The WSJ today reports some expenditure details of Vallejo, northern California, pop. 117,000. Vallejo declared bankruptcy earlier this year after having unsustainably ramped up public spending in response to unsustainable tax revenues stemming from unsustainable property-values stemming from unsustainable mortgage-lending practices.

Over the last decade, the Journal reports, state and local practices pushed Vallejo’s public-sector wages, particularly in the police department, to ridiculous heights. Plus, following California law, Vallejo allows officers and firefighters “to retire at 50 years of age with 3 percent of their highest salary — multipled by the number of years served,” the paper notes. In 2005, Vallejo hiked officer salaries by 20 percent; including benefits, the total cost of each officer today is nearly $200,000 annually.

Now, Vallejo is cutting back, with deterioration in the city’s quality of life evident.

It’s true that Vallejo competes with Jefferson County, Alabama, to be the worst-managed municipality in the United States. But Vallejo differs from many other U.S. cities and states not in kind but by degree.

Over the past five years, New York, for example, has increased spending on municipal salaries, pensions, and health benefits by 22 percent after inflation. And, as E.J. reports in the post below deck, the city continues to approve similarly outsized increases.

The problem is that in a downturn, these payments are sticky while revenues are slippery. And since it’s hard to cut back current salaries or even future benefits after revenues slide, the city will be tempted to cut back on people, including more police officers than the 1,000-police-officer hiring delay New York has already budgeted, if things don’t get better fast.

You may also like

New York State Has Dug Itself Into Its Deepest Hole On Record

"State's Financial Hole Deepens" is the headline on Comptroller Thomas DiNapoli's press release accompanying the August cash flow report. Read More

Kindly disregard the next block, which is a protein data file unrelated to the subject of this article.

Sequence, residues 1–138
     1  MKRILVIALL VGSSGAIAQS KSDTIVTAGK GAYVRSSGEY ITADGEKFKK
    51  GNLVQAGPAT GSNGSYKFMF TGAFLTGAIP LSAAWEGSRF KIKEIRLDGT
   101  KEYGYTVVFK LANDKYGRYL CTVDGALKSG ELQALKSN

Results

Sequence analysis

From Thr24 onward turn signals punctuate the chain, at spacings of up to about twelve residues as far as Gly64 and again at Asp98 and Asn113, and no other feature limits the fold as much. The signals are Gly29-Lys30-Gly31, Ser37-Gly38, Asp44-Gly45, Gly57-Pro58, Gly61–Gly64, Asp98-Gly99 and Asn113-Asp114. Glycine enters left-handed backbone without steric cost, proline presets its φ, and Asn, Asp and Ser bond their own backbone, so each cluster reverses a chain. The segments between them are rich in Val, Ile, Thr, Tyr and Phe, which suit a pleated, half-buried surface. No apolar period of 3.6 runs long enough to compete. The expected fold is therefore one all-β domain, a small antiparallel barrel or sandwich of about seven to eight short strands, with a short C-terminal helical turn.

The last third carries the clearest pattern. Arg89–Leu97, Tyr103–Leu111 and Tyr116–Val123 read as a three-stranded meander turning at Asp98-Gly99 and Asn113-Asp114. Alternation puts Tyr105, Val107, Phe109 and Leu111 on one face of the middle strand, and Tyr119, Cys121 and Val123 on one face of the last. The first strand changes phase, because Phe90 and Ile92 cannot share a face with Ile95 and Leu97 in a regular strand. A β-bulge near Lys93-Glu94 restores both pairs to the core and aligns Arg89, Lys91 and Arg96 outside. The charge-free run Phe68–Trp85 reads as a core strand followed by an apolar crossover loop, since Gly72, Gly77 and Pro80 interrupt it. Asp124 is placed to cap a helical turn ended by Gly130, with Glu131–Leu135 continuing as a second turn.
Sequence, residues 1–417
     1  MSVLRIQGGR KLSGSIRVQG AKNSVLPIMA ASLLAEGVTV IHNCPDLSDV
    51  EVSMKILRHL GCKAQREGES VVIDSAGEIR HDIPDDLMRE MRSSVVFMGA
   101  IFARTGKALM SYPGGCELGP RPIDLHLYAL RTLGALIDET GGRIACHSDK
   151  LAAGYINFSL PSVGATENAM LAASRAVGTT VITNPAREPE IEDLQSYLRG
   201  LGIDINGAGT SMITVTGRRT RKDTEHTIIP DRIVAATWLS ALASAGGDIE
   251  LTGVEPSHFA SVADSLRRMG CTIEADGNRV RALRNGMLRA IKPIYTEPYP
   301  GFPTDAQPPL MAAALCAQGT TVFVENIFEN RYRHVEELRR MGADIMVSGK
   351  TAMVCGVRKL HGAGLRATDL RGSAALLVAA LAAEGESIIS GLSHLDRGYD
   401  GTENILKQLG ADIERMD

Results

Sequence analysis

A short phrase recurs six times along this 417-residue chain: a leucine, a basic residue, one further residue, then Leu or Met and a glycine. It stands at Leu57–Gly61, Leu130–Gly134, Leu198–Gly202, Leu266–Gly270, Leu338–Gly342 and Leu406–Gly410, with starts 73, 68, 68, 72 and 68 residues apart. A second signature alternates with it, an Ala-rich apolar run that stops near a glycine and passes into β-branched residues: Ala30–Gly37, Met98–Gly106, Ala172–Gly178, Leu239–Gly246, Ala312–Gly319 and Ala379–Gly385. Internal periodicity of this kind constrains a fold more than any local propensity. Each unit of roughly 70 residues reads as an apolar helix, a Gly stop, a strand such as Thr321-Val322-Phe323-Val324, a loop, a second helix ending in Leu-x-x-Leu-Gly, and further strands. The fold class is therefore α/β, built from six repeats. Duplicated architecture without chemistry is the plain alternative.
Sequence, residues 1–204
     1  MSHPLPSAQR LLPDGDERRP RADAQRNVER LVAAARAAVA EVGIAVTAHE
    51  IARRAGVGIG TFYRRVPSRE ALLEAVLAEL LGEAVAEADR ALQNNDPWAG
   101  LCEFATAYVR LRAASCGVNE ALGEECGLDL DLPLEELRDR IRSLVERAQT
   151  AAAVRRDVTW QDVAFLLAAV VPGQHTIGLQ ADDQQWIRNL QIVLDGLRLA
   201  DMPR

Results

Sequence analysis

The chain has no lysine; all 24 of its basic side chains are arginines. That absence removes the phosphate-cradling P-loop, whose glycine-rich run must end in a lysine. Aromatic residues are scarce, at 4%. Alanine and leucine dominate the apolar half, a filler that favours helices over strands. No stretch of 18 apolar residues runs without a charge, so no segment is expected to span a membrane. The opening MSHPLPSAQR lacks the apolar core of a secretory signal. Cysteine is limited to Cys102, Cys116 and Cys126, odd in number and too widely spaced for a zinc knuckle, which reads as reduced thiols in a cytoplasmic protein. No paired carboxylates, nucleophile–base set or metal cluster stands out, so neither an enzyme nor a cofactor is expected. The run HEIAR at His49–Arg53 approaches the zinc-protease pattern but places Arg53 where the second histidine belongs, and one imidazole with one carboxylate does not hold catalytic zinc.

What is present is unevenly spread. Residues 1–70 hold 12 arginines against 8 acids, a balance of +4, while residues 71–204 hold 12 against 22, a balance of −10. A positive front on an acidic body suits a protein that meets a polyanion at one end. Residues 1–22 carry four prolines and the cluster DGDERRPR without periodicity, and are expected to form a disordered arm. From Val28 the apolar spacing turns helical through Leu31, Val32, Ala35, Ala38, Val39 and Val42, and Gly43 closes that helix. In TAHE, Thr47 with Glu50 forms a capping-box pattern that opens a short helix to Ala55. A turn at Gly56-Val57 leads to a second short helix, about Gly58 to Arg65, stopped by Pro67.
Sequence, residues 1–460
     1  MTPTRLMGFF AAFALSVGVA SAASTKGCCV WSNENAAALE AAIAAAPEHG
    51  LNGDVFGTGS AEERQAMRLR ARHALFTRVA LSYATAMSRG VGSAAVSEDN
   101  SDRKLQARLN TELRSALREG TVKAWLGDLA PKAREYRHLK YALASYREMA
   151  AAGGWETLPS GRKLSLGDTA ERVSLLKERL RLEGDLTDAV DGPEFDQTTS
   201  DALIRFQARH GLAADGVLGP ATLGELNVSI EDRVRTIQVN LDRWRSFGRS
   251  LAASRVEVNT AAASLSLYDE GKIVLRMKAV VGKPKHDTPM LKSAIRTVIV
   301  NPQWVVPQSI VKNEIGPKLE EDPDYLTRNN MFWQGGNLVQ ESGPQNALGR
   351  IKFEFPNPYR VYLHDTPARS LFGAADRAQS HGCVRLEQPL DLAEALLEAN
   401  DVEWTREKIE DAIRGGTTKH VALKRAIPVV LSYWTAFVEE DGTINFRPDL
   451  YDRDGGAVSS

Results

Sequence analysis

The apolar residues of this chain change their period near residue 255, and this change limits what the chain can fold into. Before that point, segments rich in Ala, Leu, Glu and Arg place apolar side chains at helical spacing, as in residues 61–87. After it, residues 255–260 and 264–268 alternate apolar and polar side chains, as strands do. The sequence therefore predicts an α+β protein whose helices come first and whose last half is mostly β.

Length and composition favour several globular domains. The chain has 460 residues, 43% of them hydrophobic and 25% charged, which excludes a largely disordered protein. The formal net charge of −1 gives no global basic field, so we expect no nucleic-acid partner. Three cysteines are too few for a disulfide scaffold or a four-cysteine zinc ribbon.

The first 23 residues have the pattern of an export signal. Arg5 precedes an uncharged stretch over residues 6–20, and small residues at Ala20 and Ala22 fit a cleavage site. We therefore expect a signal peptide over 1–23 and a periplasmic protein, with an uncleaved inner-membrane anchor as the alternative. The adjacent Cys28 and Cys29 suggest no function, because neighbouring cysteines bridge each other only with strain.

State’s Per-Recipient Medicaid Spending Rises to 3rd Highest in the U.S.

New York's per-recipient Medicaid spending has soared to the nation's third highest rate, a sign of fiscal trouble for one of the state's most important programs. Read More

New York Medicaid Spending Is Projected to Jump 6% in Fiscal Year 2021 (UPDATED)

Despite a round of cost-cutting this spring, New York's Medicaid spending is on track to jump by 6 percent this year thanks to a massive influx of federal aid. Read More

New York’s Post-Pandemic State Budget Picture Is Looking Worse

Governor Cuomo continues to burn while pols in Washington fiddle around the issue of providing more aid to states and localities in yet another federal stimulus bill. Meanwhile, New York State's plummeting revenues still haven't hit their post-pandemic bottom, according to the First Quarterly Update to the state's FY 2021 Financial Plan. Read More

New York’s Medicaid Enrollment Surges to an All-Time High

New York's Medicaid program is growing at its fastest rate in six years, with a quarter-million additional enrollees landing in the safety-net health plan during the first three months of the coronavirus pandemic.  Read More

New York’s Medicaid Roller Coaster Takes an Unusual Turn

The state's Medicaid spending was significantly lower than projected in the first quarter, but that's not necessarily a positive sign for state finances. Read More

Essential Plan surplus hits $3B

As Governor Cuomo pleads for financial help from Washington, one of his state's programs is sitting on $3 billion in unspent federal aid: the Essential Plan. Read More

A grim toll gets worse

The full toll of the coronavirus pandemic in New York is likely thousands higher than the official death tallies, according to newly released federal data. Read More

Subscribe

Sign up to receive updates about Empire Center research, news and events in your email.

CONTACT INFORMATION

Empire Center for Public Policy
30 South Pearl St.
Suite 1210
Albany, NY 12207

Phone: 518-434-3100
Fax: 518-434-3130
E-Mail: info@empirecenter.org

About

The Empire Center is an independent, non-partisan, non-profit think tank located in Albany, New York. Our mission is to make New York a better place to live and work by promoting public policy reforms grounded in free-market principles, personal responsibility, and the ideals of effective and accountable government.